Need an idea for a lovely host/hostess gift this season?  Beautiful winter-blooming plants such as Hellebores, Cyclamen and Camellias are bright and cheerful, and they’ll keep blooming through winter.  This year, the Cyclamen and Hellebores have holiday wrapping and cute little Santa or presents tucked inside. Hellebores or Christmas Roses, as they are sometimes called, are deer-resistant winter blooming perennials.  They have delicate, almost Victorian-looking blooms that are lovely in holiday displays and make them a great centerpiece for a holiday table.  The wrapped Cyclamen is going to make a charming and budget-friendly gift for my daughter’s teacher this season.

Speaking of charming, the custom container-gardens at The Plant Farm are a fantastic way to spruce up your front door and could also make a wonderful gift.   We can help with the perfect Custom Planter for you.  We have everything you need to pull together your vision or we have a variety of unique, already planted container-gardens.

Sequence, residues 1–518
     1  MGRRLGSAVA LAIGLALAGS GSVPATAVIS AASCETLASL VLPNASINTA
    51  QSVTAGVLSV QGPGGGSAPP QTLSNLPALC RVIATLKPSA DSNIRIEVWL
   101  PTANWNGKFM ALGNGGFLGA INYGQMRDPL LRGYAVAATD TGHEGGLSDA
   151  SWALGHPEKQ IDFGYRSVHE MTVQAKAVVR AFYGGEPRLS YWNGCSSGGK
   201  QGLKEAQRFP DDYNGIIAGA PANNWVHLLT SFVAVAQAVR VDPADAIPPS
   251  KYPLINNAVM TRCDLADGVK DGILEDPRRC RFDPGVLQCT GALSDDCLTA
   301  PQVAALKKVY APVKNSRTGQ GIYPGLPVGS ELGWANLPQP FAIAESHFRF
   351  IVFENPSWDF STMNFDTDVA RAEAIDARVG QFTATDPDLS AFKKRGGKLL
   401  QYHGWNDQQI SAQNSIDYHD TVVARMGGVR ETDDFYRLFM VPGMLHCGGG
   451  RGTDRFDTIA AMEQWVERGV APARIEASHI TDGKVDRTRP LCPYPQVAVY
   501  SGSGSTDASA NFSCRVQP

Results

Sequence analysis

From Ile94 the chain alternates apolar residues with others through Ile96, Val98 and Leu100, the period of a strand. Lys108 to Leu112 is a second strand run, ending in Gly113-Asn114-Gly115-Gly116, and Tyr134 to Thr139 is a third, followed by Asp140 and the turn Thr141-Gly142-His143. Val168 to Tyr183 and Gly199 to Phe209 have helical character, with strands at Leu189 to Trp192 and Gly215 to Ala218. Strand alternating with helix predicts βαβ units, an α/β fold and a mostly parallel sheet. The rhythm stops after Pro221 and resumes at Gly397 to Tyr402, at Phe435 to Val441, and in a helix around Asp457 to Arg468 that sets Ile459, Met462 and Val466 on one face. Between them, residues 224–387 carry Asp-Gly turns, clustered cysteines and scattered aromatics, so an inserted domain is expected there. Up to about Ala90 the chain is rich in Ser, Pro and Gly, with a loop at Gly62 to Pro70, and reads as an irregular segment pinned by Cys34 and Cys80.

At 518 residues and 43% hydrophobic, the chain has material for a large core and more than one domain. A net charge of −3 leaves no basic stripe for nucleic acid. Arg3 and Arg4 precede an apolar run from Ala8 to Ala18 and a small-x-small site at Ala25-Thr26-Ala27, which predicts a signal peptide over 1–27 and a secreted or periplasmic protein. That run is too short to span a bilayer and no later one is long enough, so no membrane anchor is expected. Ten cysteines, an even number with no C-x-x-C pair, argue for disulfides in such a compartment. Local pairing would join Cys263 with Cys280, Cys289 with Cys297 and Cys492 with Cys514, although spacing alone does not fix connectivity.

Already assembled gift packs make shopping easy!

Already assembled gift packs make shopping easy!

If you’re looking for gift ideas for your gardening friends and loved-ones, this year The Plant Farm elves have outdone themselves.  They’ve created several ready-to-go combos and kits that will make completing your shopping list easy-peasy, and the names alone will delight them.  What gardener wouldn’t love to receive a gift kit called Berry Pancakes? It contains a combination of berry plants, protective netting and soil amendments for successful growing.  Know someone who’s going to make a “get-healthy-this-year” New Year’s resolution?  Then the Growing Salad kit would be perfect.  It’s a seed starting kit filled with all the veggie seeds you need for delicious salads all spring and summer.

Not all the gift packs we’ve created this year have an edible theme, but if edible sounds appealing to you, then the season for Bare Root Fruit Trees is just around the corner.  A fruit tree is a gift that continues to provide delicious treasures season after season.  Right now, you’ll save 10% off the regular price by pre-ordering and we will provide you with an attractive certificate detailing what your loved-one will receive.  I gave a 5-way Apple Combo tree to my husband last year and it was a huge hit.

Mason Bee starter kits make a wonderful gift.

Mason Bee starter kits…a wonderful gift.